Zheng Yi (pirate)

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Zheng Yi
Native name
鄭一
Born
Zheng Wenxian (鄭文顯)

1765 (1765)
DiedNovember 16, 1807(1807-11-16) (aged 41–42)
Occupationpirate
Spouse(s)
Ching Shih (m. 1801–1807)
Children
  • Zheng Yingshi (son)
  • Zheng Xiongshi (son)
Parent(s)Zheng Lianchang (father)
RelativesZheng San (brother)
Zheng Qi (cousin)
Cheung Po Tsai (adopted son)
Piratical career
NicknameZheng Yi
Other namesZheng Youyi
Zheng Yilang
TypePirate
AllegianceRed Flag Fleet
Years activelate 1700s – early 1800s
Rankfleet commander
Base of operationsLeizhou Peninsula, South China Sea
CommandsRed Flag Fleet (300 ships of 20,000-40,000 pirates)
Zheng Yi
Chinese name
Traditional Chinese鄭一
Simplified Chinese郑一
Literal meaningZheng the First
Zheng Wenxian
Traditional Chinese鄭文顯
Simplified Chinese郑文显
Youyi
(courtesy name)
Chinese耀一
Zheng Yilang
Traditional Chinese鄭一郎
Simplified Chinese郑一郎
Literal meaningZheng's First Son
Vietnamese name
VietnameseTrịnh Nhất

Zheng Yi (also romanised as Cheng Yud; born Zheng Wenxian, courtesy name Youyi; 1765 – 16 November 1807)[1] was a powerful Chinese pirate operating from Guangdong and throughout the South China Sea in the late 1700s.

History[edit]

He was born Zheng Wenxian in 1765 in Xin'an County, Guangdong, Qing China. His family, including his father Zheng Lianchang and his younger brother Zheng San had been pirates for generations, he was heavily involved in government intrigue and was instrumental in China's interventions during the Tây Sơn dynasty's control of Vietnam. In the year of about 1798, Zheng Yi kidnapped Cheung Po (simplified Chinese: 张保; traditional Chinese: 張保; pinyin: zhāng bǎo), a 15-year-old son of a Tankan fisherman and pressed him into piracy, taking him as a lover.[2] Cheung Po's natural talent helped him adapt well to his unplanned new career, and he rose swiftly through the ranks.

In 1801, the nefarious intrigues of the 26 year old Cantonese floating brothel madame or prostitute known as Shi Xianggu (Chinese: 石香姑; Jyutping: sek6 hoeng1 gu1), known for her shrewd business savvy and trade in secrets through the pillow talk of her wealthy and political clientele, caught his attention. Either he became infatuated with her or purely as a business move, Zheng Yi made a proposal of marriage to Shi Xianggu to consolidate the powers of intrigue, as it were, which she is said to have agreed to by formal contract granting her a 50% control and share. Shi Xianggu was known as "Zheng Yi Sao" (simplified Chinese: 郑一嫂; traditional Chinese: 鄭一嫂; pinyin: zhèng yī sǎo; literally: 'wife of Zheng Yi'. They adopted Cheung Po as their step-son, making him Zheng's legal heir. She also bore him two sons; Zheng Ying Shi (simplified Chinese: 郑英石; traditional Chinese: 鄭英石; pinyin: zhèng yīng shí) and Zheng Xiong Shi (simplified Chinese: 郑雄石; traditional Chinese: 鄭雄石; pinyin: Zhèng xióng shí).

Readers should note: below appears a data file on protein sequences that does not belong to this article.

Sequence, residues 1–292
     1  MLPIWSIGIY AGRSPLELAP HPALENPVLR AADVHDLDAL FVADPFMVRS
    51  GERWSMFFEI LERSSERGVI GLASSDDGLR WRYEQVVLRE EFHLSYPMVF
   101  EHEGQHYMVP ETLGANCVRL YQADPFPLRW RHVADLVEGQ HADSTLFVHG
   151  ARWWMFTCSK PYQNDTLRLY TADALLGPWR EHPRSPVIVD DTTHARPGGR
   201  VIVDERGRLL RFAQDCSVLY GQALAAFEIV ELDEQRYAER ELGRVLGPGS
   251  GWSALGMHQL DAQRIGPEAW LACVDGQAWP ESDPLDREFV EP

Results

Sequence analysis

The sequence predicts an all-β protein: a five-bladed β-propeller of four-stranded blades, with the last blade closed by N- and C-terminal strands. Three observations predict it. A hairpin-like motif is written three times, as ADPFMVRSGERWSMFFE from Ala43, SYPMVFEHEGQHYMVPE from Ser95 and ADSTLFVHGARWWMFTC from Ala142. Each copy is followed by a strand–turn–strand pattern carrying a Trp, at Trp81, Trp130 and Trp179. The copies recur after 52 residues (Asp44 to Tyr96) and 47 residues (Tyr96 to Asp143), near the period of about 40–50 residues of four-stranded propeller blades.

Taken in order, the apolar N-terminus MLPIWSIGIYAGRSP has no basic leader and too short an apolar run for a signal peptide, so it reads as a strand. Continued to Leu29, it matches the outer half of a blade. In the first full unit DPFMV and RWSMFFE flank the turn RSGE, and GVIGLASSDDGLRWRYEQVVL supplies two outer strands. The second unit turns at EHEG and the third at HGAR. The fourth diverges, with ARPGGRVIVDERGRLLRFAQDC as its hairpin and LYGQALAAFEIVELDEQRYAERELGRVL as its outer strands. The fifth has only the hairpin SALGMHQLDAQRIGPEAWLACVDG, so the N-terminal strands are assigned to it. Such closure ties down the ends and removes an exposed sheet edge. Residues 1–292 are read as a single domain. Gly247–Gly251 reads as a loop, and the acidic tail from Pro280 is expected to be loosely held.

Zheng Yi used military assertion and his reputation to consolidate a coalition of competing Cantonese pirate fleets of uncertain numbers into an alliance. By 1804, this coalition was a formidable force, and one of the most powerful pirate fleets in all of China, they were known as the Red Flag Fleet.

Death[edit]

Zheng Yi died suddenly in Nguyễn Vietnam in 16 November 1807, sources varied as he died in a typhoon or in an accident, falling overboard and some even pointed at his wife, or his new heir. Soon after his death, his widow Ching Shih (simplified Chinese: 郑氏; traditional Chinese: 鄭氏; pinyin: Zhèng Shì; meaning "widow of Zheng") acted quickly to solidify the partnership with her step-son Cheung Po Tsai which soon became intimate. Their first success came when they are able to secure the loyalty of Zheng's relatives, they became lovers within weeks. Cheung Po Tsai, would act as Ching Shih's second-in-command of the Red Flag Fleet.[3]

See also[edit]

References[edit]

  1. ^ Dian H. Murray 1987, p.64.:Murray, Dian H. (1987). Pirates of the South China Coast, 1790-1810. Stanford University Press. ISBN 0-8047-1376-6.
  2. ^ URVIJA BANERJI (6 April 2016). "The Chinese Female Pirate Who Commanded 80,000 Outlaws". Atlas Obscura. Retrieved 2 January 2019.
  3. ^ https://www.headstuff.org/history/ching-shih-and-cheung-po-tsai-pirate-monarchs/